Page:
From RTR Countdown to YouTube
Remember getting up early on a Sunday morning, remote in hand, ready to hit record the minute your favourite new song came on RTR Countdown?
Robbie Rakete was there, with his awesome long hair and ace T-shirt/waistcoat combos, throwing out factual titbits about the Real McCoy's underrated hit Just Another Night.
For many people around my age, that was THE way to unearth - and fall in love with - new music. But the days of being pyjama-clad, musical explorers are long gone. While we might still have the odd hour of music TV here and there, chances are it's new technology that is behind finding new music these days.
Or is it? A recent survey of 3,000 Americans found that, actually, 48 per cent of them find new music through the radio, yes the R.A.D.I.O. How quaint, and kind of amazing. Just seven per cent discover it on YouTube.
But when you get down to the nuts and bolts of listening to music, YouTube rules for teens, with 64 per cent of them using it as an online walkman, compared to 50 per cent who listen to CDs. But that might be because only 36 per cent of teens bought a CD in the past year.
And isn't that sad? Instead of understanding the joy of flicking through record store stacks, it's all about clicking through files. Oh kids these days. I say that, but it turns out I'm not that unlike them.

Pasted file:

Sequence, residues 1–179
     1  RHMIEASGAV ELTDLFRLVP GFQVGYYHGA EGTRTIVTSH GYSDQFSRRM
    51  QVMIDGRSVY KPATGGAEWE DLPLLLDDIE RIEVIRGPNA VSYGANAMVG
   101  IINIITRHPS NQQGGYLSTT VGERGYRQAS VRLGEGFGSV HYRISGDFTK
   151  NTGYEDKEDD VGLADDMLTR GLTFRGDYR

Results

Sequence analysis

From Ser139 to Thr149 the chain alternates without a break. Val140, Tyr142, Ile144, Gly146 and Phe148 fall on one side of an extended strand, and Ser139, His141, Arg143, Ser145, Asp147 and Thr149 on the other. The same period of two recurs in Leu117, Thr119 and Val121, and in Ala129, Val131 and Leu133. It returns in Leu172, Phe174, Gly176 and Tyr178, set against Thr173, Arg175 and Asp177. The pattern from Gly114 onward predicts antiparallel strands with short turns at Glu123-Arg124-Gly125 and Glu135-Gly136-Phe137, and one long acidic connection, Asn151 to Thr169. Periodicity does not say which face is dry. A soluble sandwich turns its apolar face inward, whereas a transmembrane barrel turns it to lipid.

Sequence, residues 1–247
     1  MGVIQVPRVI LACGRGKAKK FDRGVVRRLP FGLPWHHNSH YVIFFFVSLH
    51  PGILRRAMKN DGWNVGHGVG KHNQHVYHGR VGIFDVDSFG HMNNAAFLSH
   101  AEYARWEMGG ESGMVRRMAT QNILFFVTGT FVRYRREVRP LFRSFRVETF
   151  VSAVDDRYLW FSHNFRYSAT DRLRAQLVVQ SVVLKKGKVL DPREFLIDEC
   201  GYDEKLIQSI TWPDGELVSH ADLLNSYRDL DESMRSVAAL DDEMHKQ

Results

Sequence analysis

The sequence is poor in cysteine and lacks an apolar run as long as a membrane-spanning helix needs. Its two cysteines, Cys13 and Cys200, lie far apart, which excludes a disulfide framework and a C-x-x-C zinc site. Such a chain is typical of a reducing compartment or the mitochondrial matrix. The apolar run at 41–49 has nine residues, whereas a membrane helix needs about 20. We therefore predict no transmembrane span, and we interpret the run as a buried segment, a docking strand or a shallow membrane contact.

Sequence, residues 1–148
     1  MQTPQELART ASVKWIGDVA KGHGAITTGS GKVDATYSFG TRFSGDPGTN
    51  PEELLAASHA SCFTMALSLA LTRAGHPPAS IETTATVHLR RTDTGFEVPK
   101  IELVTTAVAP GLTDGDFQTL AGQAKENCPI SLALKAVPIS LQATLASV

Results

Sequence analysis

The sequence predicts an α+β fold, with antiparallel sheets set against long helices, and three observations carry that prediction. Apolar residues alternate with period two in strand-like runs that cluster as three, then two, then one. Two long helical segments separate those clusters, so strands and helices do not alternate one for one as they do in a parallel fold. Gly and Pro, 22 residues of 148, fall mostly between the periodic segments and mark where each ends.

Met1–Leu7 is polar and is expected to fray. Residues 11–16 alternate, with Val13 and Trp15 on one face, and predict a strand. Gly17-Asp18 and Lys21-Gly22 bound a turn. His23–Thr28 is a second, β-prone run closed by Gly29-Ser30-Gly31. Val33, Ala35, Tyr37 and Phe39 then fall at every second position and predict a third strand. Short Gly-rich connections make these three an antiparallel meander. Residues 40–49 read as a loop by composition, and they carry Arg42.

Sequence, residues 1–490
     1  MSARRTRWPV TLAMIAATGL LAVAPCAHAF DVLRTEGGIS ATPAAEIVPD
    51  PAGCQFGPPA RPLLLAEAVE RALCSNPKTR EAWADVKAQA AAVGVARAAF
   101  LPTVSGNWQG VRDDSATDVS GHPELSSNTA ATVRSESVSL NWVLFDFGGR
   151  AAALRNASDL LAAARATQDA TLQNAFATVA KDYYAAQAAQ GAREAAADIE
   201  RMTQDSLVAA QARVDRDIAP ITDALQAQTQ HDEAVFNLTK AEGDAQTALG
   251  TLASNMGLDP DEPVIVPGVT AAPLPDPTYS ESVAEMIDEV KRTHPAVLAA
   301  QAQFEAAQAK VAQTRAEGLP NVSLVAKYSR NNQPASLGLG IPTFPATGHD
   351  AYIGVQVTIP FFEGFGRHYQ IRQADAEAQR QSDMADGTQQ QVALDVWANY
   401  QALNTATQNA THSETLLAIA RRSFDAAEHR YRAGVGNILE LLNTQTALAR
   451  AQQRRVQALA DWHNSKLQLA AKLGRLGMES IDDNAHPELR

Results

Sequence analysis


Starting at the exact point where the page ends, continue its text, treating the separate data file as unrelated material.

I don't have a car, so I very rarely listen to the wireless; instead I rely heavily on my iPhone to spit out awesome things (that I have already magically loaded on there).
When I do get behind the wheel, though, am I the queen of car karaoke or what? I am one of those appalling channel-surfers - I get bored easily or can't quite figure out what I want, so more often than not you'll find me flicking between bFM, ZM, Mai FM, RNZ and whatever else I can find, and it always leads me to shiny new things that I can take back to my computer and pay proper attention to.
But recently, within in the immobility of my own home, I have found myself having a fiddle with Spotify, and it's kind of amazing.
Instead of twiddling the radio tuner or scrolling through iTunes you can use it like a radio, but online. And without all the rubbish stuff. No ads (well, not many), you can follow a "like this"-style radio chain to find new stuff by people who sound just like music you already like.
And maybe, when they do this survey in five years' time, that's exactly what we will all be doing on our iPhone 9s. Or maybe by then we will all have mandatory hovercraft cars with really good stereo systems and radio stations that don't have ads.
» Follow Bridget Jones on Twitter: @bridgeyjones